There is an important sense in which salvation was available to people in the ages prior to Christ's mortal ministry, and other important senses in which salvation was temporally contingent (that is, came chronologically after) His Incarnation. The same may be said to be true of resurrection, every person has lived with the promise of eventually being resurrected, and every person who has not yet been resurrected must face (even if they do not actually undergo) the prospect of confinement in the grave.

I myself do not find all of this doctrine particularly interesting...I'm less concerned about your apparent errors on the subject (which arise from not seriously considering the importance of death as such) than with the degree of significance you seem to be attributing to those errors.

Failed eschatology is commonplace, and does no real harm as long as one does not go betting everything on it.

Bruce Charlton said...

@CCL - The lack of understanding between us is mutual!

Bruce B. said...

I always regarded the resurrection as a sign/proof of the coming resurrection (of both Jesus and us) but I assume it was a real resurrection so in a sense Lazarus was the first. The Saducees taught no resurrection, the Pharisees taught resurrection - Jesus confirmed the latter view and that he is God by resurrecting Lazarus.

Bruce Charlton said...

@BB - Yes; although to be precise, Jesus seemingly credits his Father with performing the resurrection of Lazarus -

John 11: 41 Then they took away the stone from the place where the dead was laid. And Jesus lifted up his eyes, and said, Father, I thank thee that thou hast heard me. 42 And I knew that thou hearest me always: but because of the people which stand by I said it, that they may believe that thou hast sent me.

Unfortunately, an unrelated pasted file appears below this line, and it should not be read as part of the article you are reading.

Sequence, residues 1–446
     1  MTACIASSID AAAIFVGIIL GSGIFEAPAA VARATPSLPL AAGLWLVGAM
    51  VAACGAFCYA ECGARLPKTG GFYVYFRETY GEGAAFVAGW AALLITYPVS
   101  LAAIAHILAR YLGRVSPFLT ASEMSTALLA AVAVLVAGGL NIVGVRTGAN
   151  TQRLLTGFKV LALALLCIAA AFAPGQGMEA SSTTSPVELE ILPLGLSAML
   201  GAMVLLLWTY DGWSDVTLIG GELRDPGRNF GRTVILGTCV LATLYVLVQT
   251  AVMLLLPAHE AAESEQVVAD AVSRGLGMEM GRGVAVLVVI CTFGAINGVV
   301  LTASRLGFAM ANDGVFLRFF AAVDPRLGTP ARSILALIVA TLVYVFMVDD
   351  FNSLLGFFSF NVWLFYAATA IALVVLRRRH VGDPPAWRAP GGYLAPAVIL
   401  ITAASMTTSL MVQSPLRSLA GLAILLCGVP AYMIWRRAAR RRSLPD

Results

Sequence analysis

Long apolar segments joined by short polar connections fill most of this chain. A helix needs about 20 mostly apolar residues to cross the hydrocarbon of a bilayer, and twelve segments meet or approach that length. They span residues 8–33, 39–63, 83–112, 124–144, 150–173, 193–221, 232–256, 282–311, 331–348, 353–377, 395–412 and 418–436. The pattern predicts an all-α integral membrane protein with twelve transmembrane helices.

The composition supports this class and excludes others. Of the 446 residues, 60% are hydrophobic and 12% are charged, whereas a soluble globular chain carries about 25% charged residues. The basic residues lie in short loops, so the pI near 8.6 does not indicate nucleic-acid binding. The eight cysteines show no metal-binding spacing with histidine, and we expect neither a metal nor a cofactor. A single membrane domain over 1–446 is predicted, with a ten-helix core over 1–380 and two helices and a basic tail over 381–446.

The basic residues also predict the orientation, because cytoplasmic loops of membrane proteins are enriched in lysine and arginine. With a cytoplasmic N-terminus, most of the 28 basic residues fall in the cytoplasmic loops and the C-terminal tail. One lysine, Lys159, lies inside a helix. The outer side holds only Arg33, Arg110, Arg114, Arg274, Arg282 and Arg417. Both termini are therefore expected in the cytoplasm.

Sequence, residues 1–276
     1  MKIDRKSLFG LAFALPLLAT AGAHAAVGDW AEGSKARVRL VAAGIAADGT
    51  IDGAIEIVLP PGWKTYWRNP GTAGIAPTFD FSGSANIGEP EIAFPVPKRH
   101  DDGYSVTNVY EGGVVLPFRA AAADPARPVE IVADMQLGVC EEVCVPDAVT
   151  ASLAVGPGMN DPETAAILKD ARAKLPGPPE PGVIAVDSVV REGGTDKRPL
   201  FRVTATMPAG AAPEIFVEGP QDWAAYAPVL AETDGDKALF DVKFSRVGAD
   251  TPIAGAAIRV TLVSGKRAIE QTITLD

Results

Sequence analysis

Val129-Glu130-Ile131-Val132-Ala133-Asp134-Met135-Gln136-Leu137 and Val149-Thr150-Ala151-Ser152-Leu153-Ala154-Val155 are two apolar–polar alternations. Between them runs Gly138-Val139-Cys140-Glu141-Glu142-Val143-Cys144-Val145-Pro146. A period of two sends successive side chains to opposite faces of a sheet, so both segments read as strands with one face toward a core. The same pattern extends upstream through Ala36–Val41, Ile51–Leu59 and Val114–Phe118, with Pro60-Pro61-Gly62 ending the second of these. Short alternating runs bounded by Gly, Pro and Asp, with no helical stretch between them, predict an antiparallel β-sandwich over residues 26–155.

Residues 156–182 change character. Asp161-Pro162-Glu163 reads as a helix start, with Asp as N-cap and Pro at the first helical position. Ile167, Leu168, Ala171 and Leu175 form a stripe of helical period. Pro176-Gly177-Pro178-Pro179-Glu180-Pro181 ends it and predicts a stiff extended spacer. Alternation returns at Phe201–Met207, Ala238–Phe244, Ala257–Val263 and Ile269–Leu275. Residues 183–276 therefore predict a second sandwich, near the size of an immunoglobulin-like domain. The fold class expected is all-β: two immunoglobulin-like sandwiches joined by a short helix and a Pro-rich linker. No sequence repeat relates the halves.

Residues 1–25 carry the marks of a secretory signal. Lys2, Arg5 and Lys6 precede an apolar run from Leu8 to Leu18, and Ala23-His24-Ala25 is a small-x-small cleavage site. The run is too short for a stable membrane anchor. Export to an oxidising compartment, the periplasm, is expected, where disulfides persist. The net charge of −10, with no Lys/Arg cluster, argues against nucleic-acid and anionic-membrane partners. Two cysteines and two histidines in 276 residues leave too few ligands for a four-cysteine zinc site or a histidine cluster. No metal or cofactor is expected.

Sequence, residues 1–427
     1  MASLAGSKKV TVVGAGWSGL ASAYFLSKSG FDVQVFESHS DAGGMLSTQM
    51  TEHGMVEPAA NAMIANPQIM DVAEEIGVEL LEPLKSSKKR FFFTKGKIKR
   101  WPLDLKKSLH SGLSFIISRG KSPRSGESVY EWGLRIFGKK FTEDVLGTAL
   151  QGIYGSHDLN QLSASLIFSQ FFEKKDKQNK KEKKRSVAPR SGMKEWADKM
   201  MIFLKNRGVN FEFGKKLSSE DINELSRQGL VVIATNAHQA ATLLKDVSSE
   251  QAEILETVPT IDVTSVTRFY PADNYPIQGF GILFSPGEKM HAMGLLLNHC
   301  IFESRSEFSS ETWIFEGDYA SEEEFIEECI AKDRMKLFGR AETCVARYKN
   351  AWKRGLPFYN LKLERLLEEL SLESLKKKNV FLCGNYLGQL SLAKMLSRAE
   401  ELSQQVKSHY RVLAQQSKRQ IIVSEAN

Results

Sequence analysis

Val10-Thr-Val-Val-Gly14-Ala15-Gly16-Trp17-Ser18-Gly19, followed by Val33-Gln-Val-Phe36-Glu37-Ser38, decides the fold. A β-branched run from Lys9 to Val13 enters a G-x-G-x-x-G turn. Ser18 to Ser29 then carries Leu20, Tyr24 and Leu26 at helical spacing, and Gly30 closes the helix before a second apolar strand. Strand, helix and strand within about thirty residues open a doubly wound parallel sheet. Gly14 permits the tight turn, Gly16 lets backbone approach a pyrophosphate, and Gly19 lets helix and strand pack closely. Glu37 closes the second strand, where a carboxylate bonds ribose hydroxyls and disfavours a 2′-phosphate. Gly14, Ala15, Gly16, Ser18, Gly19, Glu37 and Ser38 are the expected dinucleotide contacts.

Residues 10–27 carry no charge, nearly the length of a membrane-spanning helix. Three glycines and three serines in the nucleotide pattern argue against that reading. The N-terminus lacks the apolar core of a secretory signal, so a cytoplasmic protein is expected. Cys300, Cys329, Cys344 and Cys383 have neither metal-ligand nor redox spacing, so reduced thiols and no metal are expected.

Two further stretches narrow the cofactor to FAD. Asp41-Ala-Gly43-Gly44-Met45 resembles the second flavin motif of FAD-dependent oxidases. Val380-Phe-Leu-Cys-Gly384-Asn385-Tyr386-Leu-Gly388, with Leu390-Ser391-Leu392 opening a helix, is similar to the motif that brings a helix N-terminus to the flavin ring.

Daniel Voce said...

Hi Bruce, my understanding (currently - it changes frequently) is that the difference between the two is that Lazarus is a resurrectee while Jesus is an auto-resurrector (please forgive the ugly terms). This is shown in their resurrected natures: Lazarus is recognisable as the dead man, while Jesus is mistaken for the gardener. Lazarus' returning as his former self was necessary in order to draw men to Jesus otherwise it could be dismissed as a mere stunt. Jesus through his work on the Earth gained the power to resurrect himself ("Therefore doth my Father love me, because I lay down my life, that I may take it up again. No man taketh it from me, but I lay it down of myself. I have power to lay it down, and I have power to take it again. This commandment have I received of my Father"). The spirit of Christ after death regenerated itself from the minerals of the earth passing through the various stages to become a man. At the last day, when time expires and all has been said and done, those who have lived by Christ, consuming him - as in your other post - will be resurrected from the entire fabric of the universe. The new thing that Christ gives us is the power to resurrect ourselves by believing in him and seeing him in all things and in ourselves.